How many pigs were on Noah’s ark? Genesis 6 – 8

So how many pigs were there?  If you said “two”, then you were….  right!  There were two.  One male.  One female.  Now to the next question.

How many sheep were on the ark?  There were two of every animal, right?  Wrong.

Take with you seven pairs of all clean animals, the male and his mate…” Genesis 7:2 (ESV)

Okay, ignoring that there is a bit of uncertainty in the Hebrew as to whether the number is 7 pairs or 7 total, the point is that there was a category of animal known as ‘clean’!  Long before Yehovah (the LORD) gave the ‘Law’ through Moses, there was a distinction between ‘clean’ and ‘unclean’ animals.  And, it seems, that Noah knew the distinction even before this as God does not need to explain it to him (in my opinion).

You may say, “So what?  Just a bit further on God says, “Every moving thing that lives shall be food for you.” Genesis 9:3 (ESV).  Doesn’t this show that we can eat anything?”  Many people take it to mean just that, but I wonder.

First off, God also said that “As I gave you the green plants, I give you everything.” Genesis 9:3 (ESV)  And yet there are many poisonous plants that should not be eaten (or not eaten raw).  There has always been exceptions to what can be eaten.  In the garden of Eden, the exception was the tree of knowledge of good and evil.  Today, just about any animal can be eaten (and are eaten).   But does that mean that we, as followers of Yehovah (the LORD) through Yeshua (Jesus), are to eat anything?

To me, the issue between clean and unclean animals is just another test.  Will we, or will we not, follow what God wants?   Will we (well, Adam and Eve) or will we not eat from the forbidden tree (in the garden of Eden) even though it is good to eat?  The question is the same today, will we or will we not eat only those things God has called clean?

So, instead of just accepting the doctrine that says ‘Christians can eat whatever they want; Jesus nullified the dietary laws,’ check it out for yourself.  If you have questions, send them in (see the ‘questions‘ page) and I (or a guest author) will address them soon.

To me, following God’s dietary law is an opportunity to honor Him everyday, and serve Him with all parts of my body.

Shalom!   – Yosef

The ‘Questions‘ page is new.  Check it out!


If Pigs Could Be Clean – Deuteronomy 14

In Deuteronomy 14 we are given a list of animals that God says we can eat and some general rules with which we can determine ourselves if an animal can be eaten.  This list gives rise to the ‘kosher’ food industry, but really the section is about clean and unclean animals.  Kosher takes in much more then that and isn’t the topic of this post.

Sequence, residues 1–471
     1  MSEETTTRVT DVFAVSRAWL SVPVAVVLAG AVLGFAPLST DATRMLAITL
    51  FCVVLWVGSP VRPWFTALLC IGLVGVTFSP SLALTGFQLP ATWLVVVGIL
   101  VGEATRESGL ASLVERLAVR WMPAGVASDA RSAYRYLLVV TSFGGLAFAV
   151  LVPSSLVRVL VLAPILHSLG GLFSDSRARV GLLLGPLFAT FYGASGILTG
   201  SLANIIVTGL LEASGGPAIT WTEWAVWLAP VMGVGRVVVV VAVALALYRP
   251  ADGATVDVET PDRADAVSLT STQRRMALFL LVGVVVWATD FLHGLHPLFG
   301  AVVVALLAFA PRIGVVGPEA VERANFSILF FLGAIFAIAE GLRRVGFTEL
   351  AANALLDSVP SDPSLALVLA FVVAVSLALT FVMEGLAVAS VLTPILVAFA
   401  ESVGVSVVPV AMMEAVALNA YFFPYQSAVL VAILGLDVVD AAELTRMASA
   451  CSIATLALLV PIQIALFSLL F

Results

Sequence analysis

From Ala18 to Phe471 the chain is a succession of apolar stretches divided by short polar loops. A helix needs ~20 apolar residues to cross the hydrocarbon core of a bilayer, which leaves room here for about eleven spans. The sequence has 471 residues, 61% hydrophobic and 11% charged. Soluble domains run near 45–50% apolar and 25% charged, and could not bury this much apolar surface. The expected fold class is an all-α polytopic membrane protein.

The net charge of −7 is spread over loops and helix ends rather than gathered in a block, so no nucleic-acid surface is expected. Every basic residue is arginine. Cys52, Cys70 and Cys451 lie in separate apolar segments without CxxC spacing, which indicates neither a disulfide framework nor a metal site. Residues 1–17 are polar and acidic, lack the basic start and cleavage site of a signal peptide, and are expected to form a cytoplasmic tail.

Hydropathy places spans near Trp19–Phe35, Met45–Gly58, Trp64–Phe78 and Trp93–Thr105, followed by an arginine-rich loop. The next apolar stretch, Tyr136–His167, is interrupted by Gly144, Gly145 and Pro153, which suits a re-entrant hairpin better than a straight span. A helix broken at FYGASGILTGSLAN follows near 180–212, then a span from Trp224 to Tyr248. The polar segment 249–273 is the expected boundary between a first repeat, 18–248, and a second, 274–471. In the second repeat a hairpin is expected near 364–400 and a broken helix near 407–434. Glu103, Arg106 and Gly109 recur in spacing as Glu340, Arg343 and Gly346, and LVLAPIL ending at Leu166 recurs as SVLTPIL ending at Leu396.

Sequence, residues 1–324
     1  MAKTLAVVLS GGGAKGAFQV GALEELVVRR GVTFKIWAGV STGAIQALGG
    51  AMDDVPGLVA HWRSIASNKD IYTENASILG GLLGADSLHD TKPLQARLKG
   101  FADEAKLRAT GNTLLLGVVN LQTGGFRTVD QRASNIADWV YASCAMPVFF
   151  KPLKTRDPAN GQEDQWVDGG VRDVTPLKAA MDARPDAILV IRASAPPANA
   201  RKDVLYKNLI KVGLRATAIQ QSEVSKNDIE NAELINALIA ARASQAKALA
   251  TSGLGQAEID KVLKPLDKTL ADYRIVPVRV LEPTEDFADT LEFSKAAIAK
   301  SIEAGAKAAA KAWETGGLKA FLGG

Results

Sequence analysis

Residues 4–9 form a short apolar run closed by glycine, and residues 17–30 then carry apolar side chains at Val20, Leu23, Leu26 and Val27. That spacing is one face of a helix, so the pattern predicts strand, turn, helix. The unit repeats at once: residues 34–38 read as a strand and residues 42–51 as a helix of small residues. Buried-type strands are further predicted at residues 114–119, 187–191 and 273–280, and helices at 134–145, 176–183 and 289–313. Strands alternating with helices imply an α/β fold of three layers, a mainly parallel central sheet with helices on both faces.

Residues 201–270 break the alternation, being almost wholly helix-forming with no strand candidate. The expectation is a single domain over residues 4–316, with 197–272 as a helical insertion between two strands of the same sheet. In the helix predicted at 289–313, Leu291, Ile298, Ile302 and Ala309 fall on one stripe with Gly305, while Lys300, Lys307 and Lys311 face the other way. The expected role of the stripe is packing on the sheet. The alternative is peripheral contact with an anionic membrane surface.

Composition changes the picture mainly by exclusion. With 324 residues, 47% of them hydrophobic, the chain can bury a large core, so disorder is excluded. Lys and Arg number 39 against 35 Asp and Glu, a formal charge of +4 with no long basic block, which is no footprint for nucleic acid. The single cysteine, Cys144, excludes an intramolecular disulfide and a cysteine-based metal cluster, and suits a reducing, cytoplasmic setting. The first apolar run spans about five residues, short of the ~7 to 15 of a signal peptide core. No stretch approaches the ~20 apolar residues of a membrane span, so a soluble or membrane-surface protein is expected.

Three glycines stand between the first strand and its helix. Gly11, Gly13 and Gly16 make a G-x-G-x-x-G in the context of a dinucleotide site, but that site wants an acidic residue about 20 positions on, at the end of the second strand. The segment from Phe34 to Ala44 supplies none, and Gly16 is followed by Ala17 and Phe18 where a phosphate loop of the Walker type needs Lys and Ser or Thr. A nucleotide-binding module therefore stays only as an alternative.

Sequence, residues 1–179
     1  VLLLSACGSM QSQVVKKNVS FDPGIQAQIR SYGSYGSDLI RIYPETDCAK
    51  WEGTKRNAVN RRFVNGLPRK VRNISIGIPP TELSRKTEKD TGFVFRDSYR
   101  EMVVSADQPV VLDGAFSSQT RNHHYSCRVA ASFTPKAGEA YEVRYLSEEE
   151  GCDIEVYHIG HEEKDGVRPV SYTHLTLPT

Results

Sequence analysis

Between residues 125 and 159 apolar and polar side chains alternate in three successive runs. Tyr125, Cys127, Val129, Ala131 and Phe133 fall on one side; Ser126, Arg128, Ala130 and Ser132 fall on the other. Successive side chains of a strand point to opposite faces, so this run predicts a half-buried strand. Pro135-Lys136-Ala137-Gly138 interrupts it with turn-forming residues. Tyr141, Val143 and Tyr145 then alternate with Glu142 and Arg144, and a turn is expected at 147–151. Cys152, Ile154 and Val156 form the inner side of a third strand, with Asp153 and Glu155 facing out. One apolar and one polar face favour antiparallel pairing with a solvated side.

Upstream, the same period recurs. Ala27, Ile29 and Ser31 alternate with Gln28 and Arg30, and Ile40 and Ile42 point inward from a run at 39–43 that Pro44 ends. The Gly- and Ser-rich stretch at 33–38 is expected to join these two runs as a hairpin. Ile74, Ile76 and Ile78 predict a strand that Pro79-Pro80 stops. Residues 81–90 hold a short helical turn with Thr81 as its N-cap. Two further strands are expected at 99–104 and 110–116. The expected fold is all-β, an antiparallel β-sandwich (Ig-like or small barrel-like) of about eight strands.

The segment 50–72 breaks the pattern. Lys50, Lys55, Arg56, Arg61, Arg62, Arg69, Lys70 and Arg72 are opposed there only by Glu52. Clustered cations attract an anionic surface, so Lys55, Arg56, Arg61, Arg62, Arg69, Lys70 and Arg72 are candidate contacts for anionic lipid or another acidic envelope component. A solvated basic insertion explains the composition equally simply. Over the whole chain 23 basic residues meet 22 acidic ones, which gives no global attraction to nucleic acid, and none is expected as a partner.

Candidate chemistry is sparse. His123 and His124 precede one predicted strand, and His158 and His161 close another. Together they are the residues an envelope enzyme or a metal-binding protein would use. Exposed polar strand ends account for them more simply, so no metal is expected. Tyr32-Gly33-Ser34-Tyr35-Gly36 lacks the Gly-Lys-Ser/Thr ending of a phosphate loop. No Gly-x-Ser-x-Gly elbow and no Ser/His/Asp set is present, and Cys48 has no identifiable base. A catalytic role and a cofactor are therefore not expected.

In the passage, pigs are singled out as one of the animals that meet half the requirements needed to be clean (and therefore eatable).  And throughout history, eating pork has been one of the activities used as a measurement to show that one is not Jewish.  (Another is not keeping the Sabbath, but that is for a different post.)  And, judging by most Christian breakfasts or pot-lucks, I wonder if that isn’t still true today.  I digress.  Here are a couple comments on the topic of whether or not Christians should pay attention to the ‘kosher’ laws.  This is not meant as a counter argument against all the reasons Christianity has for eating pork.  Just a couple things to think about.

  • The idea of clean and unclean animals predates the giving of the ‘Law’.  Noah took on two of each animal and 7 (pairs) of each clean animal.  See Genesis 7:1-3.
  • In defense of eating anything, people like to point out that God gave ‘all things’ for food.  And this is true.  However, near the end of the ‘clean animals’ (kosher) lists (Deut. 14 and Leviticus 11), God makes the comments that we are to be holy for He is holy, and that the list is for us to learn to distinguish between clean and unclean.
  • Peter also tells us to be holy as He is holy (1 Peter 1:16).  One way of being holy is to only eat ‘clean’ animals.
  • Learning to distinguish between clean and unclean is training for leaning to distinguish between Godly and ungodly.

I realize that the whole issue of eating clean seems an anathema to Christians as Christians are ‘under grace, not under law.’  Well, that saying will be discussed later as it is a greatly misunderstood statement.  Mostly, though, I will just point out that neither Yeshua (Jesus) nor the apostles, nor anyone in the early Jerusalem church, ate pork or taught that it could be eaten.

However, before even discussing the ‘kosher’ laws with Christians, the question, “do you eat blood?” should be asked.  And when it is asked, a reply such as, “I’m not under the law!” is inevitably given.

There is a much ignored verse in the book of Acts.  In Acts 15 there is the account of the ‘Jerusalem council.’  The results of that council is a letter written and agreed upon by all apostles, elders (of the Jerusalem church) and Paul.  It is address to all Gentile churches.  Part of that letter states:

“…but [we] should write to them to abstain from the things polluted by idols, and from sexual immorality, and from what has been strangled, and from blood.”  (ESV) Acts 15:20

So, before even wondering about clean / unclean, one needs to learn what is meant by not eating meat from a strangled animal and refraining from blood.

  • Yosef